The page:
Op/Ed: Marvel Stakes Claim To TV Land With JEPH LOEB Hiring
Op/Ed: Marvel Stakes TV Claim w/ Loeb
Now we get to see just how big the Marvel Universe can be.
That was my initial reaction to Monday’s news that Jeph Loeb had been hired to head Marvel’s newly created television department.
Because in many ways, this is as big a deal as the creation of Marvel Studios was, the company arm behind the various movies that are in the process of creating an onscreen Marvel Universe.
No, I haven’t been lacing my Cookie Crisp with ‘street sugar.’
But the fact remains, blockbuster movies only happen every two or three years, if you’re good and lucky. Television, on the other hand, can be a perpetual presence in the Pop Culture-sphere.
Being part of the Disney media family that includes ABC and ABC Family offers up tempting possibilities for ongoing series or TV movies based on Alias, Power Pack, Moon Knight, Taskmaster, Dazzler, Damage, Inc., Doc Samson …name a character. Why not?
We live in an era of 80 gajillion TV channels, all of who need fresh programming to pay the bills. Here comes Marvel with its ballyhooed 5,000-character library to save the day for programmers across the spectrum.
Much like DC Entertainment did in hiring Geoff Johns to be its Chief Creative Officer, Marvel hired a guy who could navigate the treacherous waters between comics, live-action TV and animation, and protect its characters. In Loeb, Marvel has a guy who not only knows comics, but TV from his time in the writers’ room of “Smallville,” “Lost” and “Heroes.” Say what you will about that show’s rapid fall from grace, but Season One of “Heroes” was a spectacular debut. Loeb had a hand in that, as co-executive producer/writer.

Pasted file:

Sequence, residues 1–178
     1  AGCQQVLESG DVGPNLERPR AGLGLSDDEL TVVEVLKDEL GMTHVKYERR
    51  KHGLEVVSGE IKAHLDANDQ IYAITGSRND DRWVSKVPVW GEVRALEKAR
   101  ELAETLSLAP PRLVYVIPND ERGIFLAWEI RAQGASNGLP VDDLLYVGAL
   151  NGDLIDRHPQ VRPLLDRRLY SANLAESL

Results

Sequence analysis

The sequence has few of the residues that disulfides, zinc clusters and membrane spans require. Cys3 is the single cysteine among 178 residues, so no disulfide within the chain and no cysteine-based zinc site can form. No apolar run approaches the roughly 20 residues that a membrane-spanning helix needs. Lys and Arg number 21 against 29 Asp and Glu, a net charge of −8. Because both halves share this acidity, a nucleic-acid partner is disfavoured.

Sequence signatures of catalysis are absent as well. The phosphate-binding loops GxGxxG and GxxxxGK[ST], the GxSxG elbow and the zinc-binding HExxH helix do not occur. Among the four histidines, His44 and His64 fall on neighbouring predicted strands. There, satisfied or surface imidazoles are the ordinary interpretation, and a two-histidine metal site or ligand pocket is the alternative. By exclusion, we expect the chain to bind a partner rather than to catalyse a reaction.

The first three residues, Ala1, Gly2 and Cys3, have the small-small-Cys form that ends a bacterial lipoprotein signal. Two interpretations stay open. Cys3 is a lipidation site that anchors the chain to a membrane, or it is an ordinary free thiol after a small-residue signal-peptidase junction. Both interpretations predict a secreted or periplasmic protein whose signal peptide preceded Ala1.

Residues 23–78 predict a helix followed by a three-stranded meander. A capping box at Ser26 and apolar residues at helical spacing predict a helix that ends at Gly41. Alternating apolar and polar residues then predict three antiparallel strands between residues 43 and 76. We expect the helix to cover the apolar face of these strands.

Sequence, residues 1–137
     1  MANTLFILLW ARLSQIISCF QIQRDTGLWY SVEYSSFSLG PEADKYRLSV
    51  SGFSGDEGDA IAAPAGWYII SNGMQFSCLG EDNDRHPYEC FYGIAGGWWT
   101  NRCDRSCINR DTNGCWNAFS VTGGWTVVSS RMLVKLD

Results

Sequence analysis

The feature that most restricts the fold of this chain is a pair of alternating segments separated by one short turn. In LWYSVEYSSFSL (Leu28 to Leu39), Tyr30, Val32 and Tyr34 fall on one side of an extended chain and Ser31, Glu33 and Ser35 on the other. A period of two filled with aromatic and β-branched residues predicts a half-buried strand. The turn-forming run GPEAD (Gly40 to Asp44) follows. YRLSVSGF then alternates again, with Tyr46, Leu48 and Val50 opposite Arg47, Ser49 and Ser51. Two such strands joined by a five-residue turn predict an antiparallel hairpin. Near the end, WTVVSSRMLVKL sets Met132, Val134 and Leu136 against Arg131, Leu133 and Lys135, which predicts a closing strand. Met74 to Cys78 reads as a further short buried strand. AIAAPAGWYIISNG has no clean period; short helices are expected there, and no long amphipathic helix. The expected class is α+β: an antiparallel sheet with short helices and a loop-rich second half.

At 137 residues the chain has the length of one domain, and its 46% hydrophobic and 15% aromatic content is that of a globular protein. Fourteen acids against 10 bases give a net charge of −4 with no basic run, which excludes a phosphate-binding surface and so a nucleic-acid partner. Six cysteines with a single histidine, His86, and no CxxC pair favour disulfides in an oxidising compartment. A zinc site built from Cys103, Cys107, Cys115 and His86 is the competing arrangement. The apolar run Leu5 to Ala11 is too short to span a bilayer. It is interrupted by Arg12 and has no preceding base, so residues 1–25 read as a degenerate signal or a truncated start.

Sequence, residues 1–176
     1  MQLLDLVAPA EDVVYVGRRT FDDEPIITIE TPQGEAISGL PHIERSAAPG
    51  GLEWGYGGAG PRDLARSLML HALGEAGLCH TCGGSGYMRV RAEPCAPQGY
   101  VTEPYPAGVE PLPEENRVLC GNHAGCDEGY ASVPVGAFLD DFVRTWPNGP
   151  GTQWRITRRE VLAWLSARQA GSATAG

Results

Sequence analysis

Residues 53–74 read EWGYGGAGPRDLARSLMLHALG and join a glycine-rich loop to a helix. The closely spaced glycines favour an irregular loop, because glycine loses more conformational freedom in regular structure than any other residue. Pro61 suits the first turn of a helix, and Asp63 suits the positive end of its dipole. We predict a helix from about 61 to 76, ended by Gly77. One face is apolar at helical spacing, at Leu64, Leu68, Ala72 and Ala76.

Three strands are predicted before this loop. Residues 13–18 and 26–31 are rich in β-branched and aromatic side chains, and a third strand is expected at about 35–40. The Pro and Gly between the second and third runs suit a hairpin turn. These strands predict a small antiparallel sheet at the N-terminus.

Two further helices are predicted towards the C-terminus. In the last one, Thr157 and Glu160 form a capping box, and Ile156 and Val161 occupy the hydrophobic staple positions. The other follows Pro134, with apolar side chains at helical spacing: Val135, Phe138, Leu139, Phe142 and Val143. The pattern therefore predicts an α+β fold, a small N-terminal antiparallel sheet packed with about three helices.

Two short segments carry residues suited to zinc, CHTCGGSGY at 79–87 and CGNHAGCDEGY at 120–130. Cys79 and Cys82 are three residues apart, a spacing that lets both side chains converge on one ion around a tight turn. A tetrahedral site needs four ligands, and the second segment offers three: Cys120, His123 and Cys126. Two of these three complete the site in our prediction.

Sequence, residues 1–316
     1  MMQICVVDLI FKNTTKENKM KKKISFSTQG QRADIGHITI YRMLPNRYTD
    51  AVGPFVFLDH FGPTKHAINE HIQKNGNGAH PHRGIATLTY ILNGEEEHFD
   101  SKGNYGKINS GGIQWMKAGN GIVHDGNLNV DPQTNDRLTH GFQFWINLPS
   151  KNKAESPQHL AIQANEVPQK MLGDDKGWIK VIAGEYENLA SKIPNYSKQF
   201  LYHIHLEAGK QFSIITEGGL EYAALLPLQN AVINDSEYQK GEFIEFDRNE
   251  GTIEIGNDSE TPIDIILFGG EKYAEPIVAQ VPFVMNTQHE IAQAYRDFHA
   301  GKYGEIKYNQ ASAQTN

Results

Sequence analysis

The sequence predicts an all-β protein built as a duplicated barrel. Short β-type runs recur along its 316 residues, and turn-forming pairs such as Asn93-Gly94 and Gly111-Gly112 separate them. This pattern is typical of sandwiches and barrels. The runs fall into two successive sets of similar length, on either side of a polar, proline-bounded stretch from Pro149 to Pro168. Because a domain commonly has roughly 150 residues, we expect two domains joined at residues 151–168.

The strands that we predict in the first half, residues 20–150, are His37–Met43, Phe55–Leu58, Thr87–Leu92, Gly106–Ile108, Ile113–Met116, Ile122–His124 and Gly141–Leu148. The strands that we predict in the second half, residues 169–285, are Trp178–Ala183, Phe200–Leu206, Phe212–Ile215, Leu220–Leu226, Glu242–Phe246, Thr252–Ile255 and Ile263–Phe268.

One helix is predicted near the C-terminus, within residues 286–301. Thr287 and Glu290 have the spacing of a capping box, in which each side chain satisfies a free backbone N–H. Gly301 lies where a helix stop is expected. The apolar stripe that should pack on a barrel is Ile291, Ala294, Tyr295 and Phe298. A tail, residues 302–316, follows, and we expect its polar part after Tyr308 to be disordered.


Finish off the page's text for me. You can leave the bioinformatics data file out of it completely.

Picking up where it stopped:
As for whether having a writer in the decision-making seat is an advantage for writers, TV writer/producer and screenwriter Ashley Miller, who scripted the screenplay for the upcoming “THOR” movie, said it depends on the situation.
“On some level, sure. It's very much the Marvel model to involve a writer with the development process. We worked with Craig Kyle on "Thor" and he was amazing,” said Miller. “We literally couldn't have done it without him. So I'm sure Jeph will be incredibly valuable to the creators who come to work with Marvel.”
“That said, I know a lot of excellent development executives and producers who aren't writers. Being a writer and knowing how to work with writers are two very different things -- one doesn't necessarily imply the other.”
Another question about Loeb will be, does he have the eye to spot future franchises? That will ultimately be the measurement of his new gig, and he doesn’t have a lot of no-brainers to work with.
Most of Marvel’s big guns are locked into big $$ movie studio deals – many, like Spider-Man, the X-Men and Fantastic Four, are tied to other studios – so Loeb is going to have to mine the far reaches of the Marvel library for TV stars.
Make no mistake; Marvel’s latest salvo in the multi-platform arms race is a clear a shot across DC’s bow. The fact that it hired a guy better known in recent years for his DC work (it was made official Tuesday that Loeb’s “Superman/Batman: Apocalypse” storyline will be the next DC Animated direct-to-DVD) to spearhead its new TV effort speaks volumes. But it would seem Marvel is done ceding the small-screen to DC as it has for much of the past four decades.
The Distinguished Competition may have its problems getting heroes not named Batman and Superman some quality theatrical work, but it has always been much more adept at small-screen adaptations than Marvel.